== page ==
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Monday October 27


TomGlassey

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Hello folks, it’s bitterly cold today, and the wind has swung round to the Northwest. They say it will be even colder tomorrow and for the rest of the week. We have to go to Douglas later; gosh it seems like a bit of an ordeal now to go to Douglas. It has to be something really important to make me go to Douglas.

 

When I was a youngster, going to Douglas was really exciting, even though it was a lot more hassle in those days. For one thing you had to catch the bus. Today you just jump in the car and you are there in 15 minutes. None-the-less heading off to Douglas on the bus as a kid with Mother and my brothers was a really exciting adventure. The bus itself was an exciting mode of transport. There was a unique smell about those route master busses. Maybe it was the paper in the conductor’s ticket machine, and the carpeted seats. Once in Douglas, Woolworths was an absolute heaven, the greatest toy shop in the world. It was even more special if you had an Aunt Trudy working on the sweet counter. I wonder can you be still prosecuted 45 years on. Well she didn’t really nick the sweets; it was just that the scales didn’t always work properly and gave half a pound instead of a quarter. Still I guess that when the accountants got round to doing the annual accounts for Woolies, they didn’t notice the few pounds of sweets my Aunty Trudy had mislaid throughout the year. To a kid that grew up in Castletown, Douglas was exciting, busy and vibrant. If you were there at 8.55 or 2.55, you would hear the Isle of Man Steam Packet vessel blowing her whistle to either announce her departure or arrival from Liverpool. You seldom hear the Ben My Chree blow her whistle these days. If going to Douglas once a month was a treat for me, then for some folks on this Island, it was a once in a lifetime experience. When we lived in St.Johns in the late 80’s, I once met a chap who was standing outside the village shop, and he told me he had not been to Douglas since 1938. I even met a chap in Bride who told me he had not been in to Ramsey for 5 years. I myself have never been abroad, apart from a day trip to Norway. I know of one certain gentleman who lives in Port Grenaugh who has never left the Island, and it’s not Donald Gelling. A neighbour of mine back in the 60’s had supported Everton all his life, so one day he decided he would sail across to Liverpool on a day trip and watch them play at Goodison Park. When poor old Ned arrived there, he decided he didn’t like it very much and tried to leave the ground. The only trouble was that 45,000 people were travelling in the opposite direction. Ned returned home to Castletown safely on the boat and for the rest of his life he confined his sporting aspirations to turning out for the Duck’s Nest dart team on Tuesday nights.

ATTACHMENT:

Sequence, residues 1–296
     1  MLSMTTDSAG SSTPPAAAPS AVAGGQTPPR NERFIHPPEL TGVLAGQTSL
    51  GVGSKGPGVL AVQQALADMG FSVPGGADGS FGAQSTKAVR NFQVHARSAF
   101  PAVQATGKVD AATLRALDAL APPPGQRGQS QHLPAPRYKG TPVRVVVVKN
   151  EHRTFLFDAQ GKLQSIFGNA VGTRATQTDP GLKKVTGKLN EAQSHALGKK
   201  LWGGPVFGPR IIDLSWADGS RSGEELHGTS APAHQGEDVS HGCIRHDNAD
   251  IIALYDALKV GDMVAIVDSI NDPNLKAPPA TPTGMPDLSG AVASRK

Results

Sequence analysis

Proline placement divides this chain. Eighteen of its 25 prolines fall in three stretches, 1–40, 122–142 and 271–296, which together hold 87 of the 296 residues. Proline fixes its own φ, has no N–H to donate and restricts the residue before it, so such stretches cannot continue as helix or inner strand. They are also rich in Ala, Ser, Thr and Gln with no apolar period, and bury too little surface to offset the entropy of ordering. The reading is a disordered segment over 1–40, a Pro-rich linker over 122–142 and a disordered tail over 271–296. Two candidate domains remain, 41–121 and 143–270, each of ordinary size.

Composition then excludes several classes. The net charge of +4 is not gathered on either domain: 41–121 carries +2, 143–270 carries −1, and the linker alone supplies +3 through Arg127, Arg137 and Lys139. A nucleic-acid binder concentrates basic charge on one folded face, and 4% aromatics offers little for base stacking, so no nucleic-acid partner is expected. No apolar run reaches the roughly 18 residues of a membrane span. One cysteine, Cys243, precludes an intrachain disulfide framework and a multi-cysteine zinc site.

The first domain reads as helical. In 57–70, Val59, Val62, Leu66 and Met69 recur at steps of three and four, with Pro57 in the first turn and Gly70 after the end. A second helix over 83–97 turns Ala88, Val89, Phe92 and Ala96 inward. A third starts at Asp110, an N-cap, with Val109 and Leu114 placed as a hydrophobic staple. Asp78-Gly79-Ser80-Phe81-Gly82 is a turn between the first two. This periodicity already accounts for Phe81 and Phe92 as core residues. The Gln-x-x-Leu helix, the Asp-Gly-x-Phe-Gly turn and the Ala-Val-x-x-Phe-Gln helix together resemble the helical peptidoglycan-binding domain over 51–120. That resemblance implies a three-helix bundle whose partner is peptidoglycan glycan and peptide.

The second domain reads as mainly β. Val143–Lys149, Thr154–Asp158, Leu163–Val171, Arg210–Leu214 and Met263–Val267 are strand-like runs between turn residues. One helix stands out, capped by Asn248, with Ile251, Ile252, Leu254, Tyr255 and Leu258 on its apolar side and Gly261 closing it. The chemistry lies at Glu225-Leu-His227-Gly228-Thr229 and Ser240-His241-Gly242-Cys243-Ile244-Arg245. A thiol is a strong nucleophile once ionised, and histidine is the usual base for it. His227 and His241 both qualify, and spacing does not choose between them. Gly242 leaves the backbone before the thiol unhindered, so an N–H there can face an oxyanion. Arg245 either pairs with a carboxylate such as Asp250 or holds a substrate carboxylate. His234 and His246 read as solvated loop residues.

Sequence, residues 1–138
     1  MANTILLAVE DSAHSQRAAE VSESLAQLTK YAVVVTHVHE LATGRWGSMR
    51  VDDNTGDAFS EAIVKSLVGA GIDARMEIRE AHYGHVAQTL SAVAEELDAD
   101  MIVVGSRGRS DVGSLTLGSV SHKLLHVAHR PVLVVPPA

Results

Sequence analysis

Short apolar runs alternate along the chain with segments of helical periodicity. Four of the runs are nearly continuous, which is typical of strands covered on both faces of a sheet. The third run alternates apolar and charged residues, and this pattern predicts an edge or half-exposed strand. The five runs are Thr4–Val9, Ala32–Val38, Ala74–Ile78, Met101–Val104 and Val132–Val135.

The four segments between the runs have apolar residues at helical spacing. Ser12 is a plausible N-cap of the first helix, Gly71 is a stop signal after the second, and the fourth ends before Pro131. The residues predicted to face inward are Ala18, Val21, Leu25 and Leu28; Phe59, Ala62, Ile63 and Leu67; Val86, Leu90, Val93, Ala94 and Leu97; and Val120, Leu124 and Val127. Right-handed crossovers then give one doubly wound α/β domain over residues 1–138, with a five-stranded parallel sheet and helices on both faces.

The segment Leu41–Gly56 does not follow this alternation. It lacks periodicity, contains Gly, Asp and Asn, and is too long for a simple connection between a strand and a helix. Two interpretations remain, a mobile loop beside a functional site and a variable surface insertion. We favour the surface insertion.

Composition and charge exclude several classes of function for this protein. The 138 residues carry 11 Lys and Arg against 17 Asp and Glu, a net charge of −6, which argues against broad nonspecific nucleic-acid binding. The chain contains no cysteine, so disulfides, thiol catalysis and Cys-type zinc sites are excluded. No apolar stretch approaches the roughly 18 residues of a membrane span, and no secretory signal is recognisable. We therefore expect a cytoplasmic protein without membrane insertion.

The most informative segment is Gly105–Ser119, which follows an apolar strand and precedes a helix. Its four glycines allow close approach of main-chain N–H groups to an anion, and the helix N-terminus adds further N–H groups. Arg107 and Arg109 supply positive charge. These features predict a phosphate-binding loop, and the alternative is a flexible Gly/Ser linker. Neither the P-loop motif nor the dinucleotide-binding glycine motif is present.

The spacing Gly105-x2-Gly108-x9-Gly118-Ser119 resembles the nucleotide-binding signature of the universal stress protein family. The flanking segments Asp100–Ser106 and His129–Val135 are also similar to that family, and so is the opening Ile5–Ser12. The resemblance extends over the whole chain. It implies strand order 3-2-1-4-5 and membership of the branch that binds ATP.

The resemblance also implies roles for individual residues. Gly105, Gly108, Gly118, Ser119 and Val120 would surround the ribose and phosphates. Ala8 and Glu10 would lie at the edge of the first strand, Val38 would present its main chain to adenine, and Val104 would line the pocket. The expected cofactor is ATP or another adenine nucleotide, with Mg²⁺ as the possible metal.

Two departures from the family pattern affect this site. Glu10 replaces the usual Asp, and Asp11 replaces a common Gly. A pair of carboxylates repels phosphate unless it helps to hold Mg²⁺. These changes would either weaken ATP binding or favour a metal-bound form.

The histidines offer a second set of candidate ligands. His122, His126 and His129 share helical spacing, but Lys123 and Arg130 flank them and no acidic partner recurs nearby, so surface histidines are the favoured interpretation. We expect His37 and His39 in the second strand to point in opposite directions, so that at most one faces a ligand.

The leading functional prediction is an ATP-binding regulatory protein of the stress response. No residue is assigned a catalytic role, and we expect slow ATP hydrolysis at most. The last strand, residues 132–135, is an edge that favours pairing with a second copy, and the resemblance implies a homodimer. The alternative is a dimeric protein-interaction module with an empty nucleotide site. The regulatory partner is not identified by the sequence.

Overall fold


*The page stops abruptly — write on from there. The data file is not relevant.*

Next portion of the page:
I spent 11 years of my young life in Liverpool, and much of that time was spent watching the ships on the banks of the Mersey. Now, just like my neighbour Ned, I am happy to confine myself to walking the banks of the Silverburn.

 

This is Tom Glassey, reminiscing on a bitterly cold October day, on the banks of the Silverburn River.

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